There are plenty of folks who don’t fall into clear categories of “male” and “female,” but the protagonist of Chloë Dalquist’s Jamie the Trickster falls on both ends of the spectrum. Able to shift from apparently male to apparently female at will, Jamie is on a mission to change the world, but needs to find the man and woman destined to help that change along. Jamie the Trickster doesn’t actually start with Jamie, but with Todd, a young man whose world is turned upside down at the sudden appearance of the shapeshifting Jamie. Intrigued for reasons he doesn’t fully understand, Todd follows Jaime and gets caught up in Jamie’s hijinks that involve kidnapping — and later couchsurfing with — a stranger linked to a man Jamie has been searching for. In addition to being a genetics-defying shapeshifter, Jamie has prophetic dreams — dreams that indicate a specific man and woman will help Jamie change the world.
Back in the 1990s, there were a few queer science fiction anthologies that made waves, notably the Bending The Landscape books from Meisha Merlin. And since then, there’s been a bit of a void in terms of print anthologies that really succeed in combining cutting-edge science fiction and fantasy with queer themes — at least, outside of erotica anthologies like the ones Cecilia Tan puts out.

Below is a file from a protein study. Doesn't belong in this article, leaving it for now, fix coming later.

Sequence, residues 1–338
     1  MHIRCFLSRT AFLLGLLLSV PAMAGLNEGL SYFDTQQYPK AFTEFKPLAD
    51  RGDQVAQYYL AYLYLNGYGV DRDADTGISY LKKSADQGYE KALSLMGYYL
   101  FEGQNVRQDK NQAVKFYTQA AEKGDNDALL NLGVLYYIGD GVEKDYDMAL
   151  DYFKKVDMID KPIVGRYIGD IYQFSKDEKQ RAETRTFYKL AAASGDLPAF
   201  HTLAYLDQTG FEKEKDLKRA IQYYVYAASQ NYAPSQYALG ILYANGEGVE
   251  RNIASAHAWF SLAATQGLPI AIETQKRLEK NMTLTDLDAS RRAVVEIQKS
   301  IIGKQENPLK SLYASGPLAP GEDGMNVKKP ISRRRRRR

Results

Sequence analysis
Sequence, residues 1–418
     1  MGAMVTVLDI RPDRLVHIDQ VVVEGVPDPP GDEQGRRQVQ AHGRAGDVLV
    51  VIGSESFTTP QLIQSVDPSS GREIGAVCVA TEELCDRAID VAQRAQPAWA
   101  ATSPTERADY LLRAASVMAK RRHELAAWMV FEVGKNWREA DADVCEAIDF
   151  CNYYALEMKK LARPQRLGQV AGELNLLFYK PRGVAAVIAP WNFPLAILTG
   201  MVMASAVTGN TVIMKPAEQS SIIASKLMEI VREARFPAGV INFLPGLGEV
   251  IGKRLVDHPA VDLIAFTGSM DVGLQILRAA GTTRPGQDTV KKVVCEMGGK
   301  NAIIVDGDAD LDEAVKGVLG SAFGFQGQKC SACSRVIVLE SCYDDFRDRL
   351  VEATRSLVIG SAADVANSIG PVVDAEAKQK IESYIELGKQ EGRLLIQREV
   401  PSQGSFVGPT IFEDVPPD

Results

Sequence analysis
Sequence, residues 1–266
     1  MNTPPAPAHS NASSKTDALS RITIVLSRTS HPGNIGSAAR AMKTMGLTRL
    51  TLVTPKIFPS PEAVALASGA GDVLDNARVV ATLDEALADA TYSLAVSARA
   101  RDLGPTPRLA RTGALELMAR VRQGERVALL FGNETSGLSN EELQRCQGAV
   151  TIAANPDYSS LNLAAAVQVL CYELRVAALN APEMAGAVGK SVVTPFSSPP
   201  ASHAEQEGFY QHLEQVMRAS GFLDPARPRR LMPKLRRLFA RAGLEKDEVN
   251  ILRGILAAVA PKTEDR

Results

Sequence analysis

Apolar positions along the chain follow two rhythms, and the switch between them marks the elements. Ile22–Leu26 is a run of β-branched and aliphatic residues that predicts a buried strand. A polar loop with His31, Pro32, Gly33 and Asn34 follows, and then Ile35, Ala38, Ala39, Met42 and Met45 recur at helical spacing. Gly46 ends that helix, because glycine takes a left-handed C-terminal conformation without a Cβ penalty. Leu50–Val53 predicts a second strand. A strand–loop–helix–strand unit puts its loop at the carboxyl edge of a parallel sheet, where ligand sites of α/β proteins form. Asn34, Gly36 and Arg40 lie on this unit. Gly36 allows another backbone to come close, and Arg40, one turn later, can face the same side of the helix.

The good news is, a new anthology coming in May, Beyond Binary, feels like a worthy successor to the Bending the Landscape books. It’s chock full of strong stories that challenge your perceptions of gender identity and sexuality, but also turn your notions of reality itself upside down. Editor Brit Mandelo has done a great job of assembling some of the most provocative writers working in SF today.
There is most certainly a privilege to having a gender. Just ask someone who doesn’t have a gender, or who can’t pass, or who doesn’t pass. When you have a gender, or when you are perceived as having a gender, you don’t get laughed at in the street. You don’t get beat up. You know which public bathroom to use, and when you use it, people don’t stare at you or worse. You know which form to fill out. You know what clothes to wear. You have heroes and role models. You have a past.
— Kate Bornstein, Gender Outlaw (via foldedpaperstories)